Captain Tory part 1 | By: Zoe Chan | | Category: Short Story - Dramatizing Bookmark and Share

Captain Tory part 1

A group of street boys gathered curiously around a middle-aged man asleep on the ground. He looked like any other Dempsey man in England, with his dirty, blonde hair, tattered clothes and a stubby beard. Draped over him was a woollen coat that one could only assume was placed on the man to shield him from the bitter coldness of winter. And on his head lay a peculiar purple hat that had a red feather sticking out at the side, and proved to be the reason why the children had been attracted likes bees to honey. A layer of fresh snow had accumulated on the man yet none had dared to awaken him. However, as the children were never exposed to the dangers that faced many, they chattered constantly to one and another as they questioned his identity.

The chattering had unexpectedly woke up the sleeping man and he sat upright reluctantly, still dazed from his slumber. One of the mischievous and younger boys snatched the hat from the man and placed it on his own head. He attempted a jab at the man’s side by missed and rolled over. Laughing, he looked up and smiled innocently at the man.

“Ay sir, are you a pirate?” the boy asked in a snarly voice.

“I am a captain of the ol’ Roger, dear lad,” he replied wittily and added, “though I have fought pirates before.”

The boys stared adorningly at the man whereas the eldest departed from the group to rummage through a garbage bin behind them. From it, he pulled a navy blue cap that once belonged to a sea captain who had passed by their street and offered it to him. He tossed it at the man who caught it miraculously between two fingers.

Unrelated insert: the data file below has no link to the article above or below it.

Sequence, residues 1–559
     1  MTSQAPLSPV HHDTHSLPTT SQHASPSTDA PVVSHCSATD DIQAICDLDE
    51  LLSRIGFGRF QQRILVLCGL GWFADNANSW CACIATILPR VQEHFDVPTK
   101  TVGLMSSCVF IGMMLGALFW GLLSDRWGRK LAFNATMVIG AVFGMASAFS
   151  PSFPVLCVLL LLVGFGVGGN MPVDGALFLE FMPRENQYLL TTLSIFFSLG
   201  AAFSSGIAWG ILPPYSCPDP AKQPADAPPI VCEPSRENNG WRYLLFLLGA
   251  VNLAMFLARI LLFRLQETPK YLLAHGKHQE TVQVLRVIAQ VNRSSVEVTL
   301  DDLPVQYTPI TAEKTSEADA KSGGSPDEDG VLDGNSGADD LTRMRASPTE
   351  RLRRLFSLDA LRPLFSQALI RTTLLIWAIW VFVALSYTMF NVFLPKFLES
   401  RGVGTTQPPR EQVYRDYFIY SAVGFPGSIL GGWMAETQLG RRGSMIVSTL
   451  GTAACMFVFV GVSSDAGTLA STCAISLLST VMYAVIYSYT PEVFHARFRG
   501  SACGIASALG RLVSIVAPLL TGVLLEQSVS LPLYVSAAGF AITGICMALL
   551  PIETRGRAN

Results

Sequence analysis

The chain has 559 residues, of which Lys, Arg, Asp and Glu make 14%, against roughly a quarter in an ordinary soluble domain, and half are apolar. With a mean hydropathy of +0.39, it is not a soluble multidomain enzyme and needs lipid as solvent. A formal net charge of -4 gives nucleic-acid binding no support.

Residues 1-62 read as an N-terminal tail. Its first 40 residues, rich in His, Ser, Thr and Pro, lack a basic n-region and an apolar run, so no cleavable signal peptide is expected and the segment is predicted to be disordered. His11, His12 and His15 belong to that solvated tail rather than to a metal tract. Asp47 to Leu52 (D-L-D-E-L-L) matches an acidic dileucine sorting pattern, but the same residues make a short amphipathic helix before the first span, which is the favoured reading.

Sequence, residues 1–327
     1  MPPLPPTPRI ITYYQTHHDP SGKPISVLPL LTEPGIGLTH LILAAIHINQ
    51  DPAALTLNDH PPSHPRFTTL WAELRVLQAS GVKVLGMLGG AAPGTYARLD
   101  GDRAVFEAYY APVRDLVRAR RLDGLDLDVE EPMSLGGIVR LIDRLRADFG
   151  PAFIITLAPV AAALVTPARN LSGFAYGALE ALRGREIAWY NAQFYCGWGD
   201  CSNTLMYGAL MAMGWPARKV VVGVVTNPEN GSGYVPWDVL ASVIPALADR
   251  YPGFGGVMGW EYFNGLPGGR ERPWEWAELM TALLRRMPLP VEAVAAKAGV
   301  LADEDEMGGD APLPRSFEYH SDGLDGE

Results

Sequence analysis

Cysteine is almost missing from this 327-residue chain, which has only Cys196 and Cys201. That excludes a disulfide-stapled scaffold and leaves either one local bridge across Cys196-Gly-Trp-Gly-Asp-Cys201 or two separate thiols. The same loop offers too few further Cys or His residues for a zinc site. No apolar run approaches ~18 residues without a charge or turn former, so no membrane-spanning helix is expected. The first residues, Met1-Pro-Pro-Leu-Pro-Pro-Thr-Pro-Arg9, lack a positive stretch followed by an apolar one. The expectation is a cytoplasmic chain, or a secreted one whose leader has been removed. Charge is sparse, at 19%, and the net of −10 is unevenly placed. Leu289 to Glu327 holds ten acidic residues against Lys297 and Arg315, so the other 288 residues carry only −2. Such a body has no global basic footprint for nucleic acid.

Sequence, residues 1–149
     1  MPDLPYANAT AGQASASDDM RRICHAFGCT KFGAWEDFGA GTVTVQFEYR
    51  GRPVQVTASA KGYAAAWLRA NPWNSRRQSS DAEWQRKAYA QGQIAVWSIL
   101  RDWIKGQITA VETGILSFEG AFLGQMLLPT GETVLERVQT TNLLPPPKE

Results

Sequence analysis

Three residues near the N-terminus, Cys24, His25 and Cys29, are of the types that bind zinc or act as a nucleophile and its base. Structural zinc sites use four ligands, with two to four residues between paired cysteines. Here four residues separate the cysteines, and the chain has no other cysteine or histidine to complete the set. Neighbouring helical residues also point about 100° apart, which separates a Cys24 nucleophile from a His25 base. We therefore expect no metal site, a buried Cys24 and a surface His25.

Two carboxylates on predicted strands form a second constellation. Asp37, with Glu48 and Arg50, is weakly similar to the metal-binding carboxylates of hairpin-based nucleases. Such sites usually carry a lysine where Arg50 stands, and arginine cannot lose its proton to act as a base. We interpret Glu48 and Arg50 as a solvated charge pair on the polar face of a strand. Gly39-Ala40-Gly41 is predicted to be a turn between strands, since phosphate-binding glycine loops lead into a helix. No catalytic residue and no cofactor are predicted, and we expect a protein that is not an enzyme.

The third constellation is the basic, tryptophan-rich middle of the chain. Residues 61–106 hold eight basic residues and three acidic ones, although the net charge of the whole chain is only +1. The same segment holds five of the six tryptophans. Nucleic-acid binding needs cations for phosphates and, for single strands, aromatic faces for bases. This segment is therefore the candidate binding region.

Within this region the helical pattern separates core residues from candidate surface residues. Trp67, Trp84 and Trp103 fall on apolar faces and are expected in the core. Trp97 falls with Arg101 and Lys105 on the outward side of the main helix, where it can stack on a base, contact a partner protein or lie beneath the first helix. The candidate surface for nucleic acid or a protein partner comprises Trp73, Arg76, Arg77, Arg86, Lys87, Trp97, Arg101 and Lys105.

“This is a true captain’s cap,” he said defiantly, “wearing one of a pirate will get you mistaken captain...”he paused in thought and asked. “Have you no name captain?”

He smiled with a tinge of sadness and whispered softly, “They call me Captain Tory, though it hadn’t always been that.”

With saying so, he gathered the little belongings he had with him and stood up. Brushing the snow off, he slowly walked off into the dying sunlight without a word to the boys. They noticed however, that the man had no shadow behind him. And for a moment when he turned back to wave farewell, his sky blue eyes seemed to be glowing. Most of them could swear his eyes looked different from afar, that the eyes were not of a man, but of a boy who lost his laughter and simply wandered into the wrong world. But then again, the entire encounter with Captain Tory seemed like nothing more but a figment of their imagination. 

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